Early hip hop style fused practicality with aspiration.
The combination of shearling jackets with tracksuits is an undeniably hip hop look that allowed b-boys and b-girls freedom of movement and warmth on the street.
Buying expensive shearling coats and leather jackets at a good price was a rite of passage for young hip hop fans who traveled downtown to market stalls on Delancey Street in Manhattan.
Adidas Superstar sneakers Adidas Superstar sneakers (1998)The Museum at FIT
Hip hop did more to popularize sneakers in American culture
than any other force. Run DMC rapped about Adidas shell toes in 1986 and became the first rap group with a million-dollar endorsement deal.
Nike, “Air Jordon” sneakers, leather and rubber, 1985, USA, gift of Nike, Inc. (1985)The Museum at FIT
Nike was as influential.
In 1985, basketball star Michael Jordan was among the first to have a branded men’s shoe. His popularity created a new relationship between fans—mostly young men—and fashion.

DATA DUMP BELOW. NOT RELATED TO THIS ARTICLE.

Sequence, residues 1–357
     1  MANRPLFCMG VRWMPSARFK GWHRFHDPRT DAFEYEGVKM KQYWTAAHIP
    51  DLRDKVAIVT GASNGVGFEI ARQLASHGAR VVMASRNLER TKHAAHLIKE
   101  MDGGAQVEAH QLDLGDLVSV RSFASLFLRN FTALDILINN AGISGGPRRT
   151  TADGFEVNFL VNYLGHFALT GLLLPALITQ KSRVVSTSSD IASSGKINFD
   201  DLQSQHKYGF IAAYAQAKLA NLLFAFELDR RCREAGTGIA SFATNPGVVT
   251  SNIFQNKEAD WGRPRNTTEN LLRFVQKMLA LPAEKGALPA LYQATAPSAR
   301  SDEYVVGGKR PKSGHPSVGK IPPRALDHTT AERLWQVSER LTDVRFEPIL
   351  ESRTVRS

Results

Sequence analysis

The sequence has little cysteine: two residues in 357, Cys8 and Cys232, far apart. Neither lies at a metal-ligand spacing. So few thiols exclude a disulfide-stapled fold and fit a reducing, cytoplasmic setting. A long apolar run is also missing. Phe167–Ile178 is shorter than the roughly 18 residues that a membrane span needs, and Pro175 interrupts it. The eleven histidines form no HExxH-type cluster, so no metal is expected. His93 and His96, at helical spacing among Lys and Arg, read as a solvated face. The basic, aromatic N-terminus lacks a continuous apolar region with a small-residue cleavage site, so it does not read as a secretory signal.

Concurrently, hip hop was an important cultural space for young men to experiment with style.
Nameplate belt buckle, brass, c. 1986, USA, gift of Elena Romero (1986)The Museum at FIT
Personalization is a key aspect of hip hop style.
Systematic oppression seeks to make marginalized young people invisible in American society, and this oppression was even more prevalent during the 1980s and 1990s.
Wearing substantial jewelry that literally spells out your name or showcases aspects of your personality, culture, and aspirations is a deliberate way to demand visibility and project your desires.
LIFE Photo Collection
Over the decades, as the culture spread to the rest of the world and as the hip hop generation grew up and passed the torch, hip hop style developed, diversifying while adopting, transforming, and setting mainstream trends.
Fresh, Fly, and Fabulous: Fifty Years of Hip Hop Style was on view at The Museum at FIT February - April 2023. It was curated by Elena Romero, assistant professor, Advertising and Marketing Communications, FIT, and Elizabeth Way, associate curator of costume, MFIT.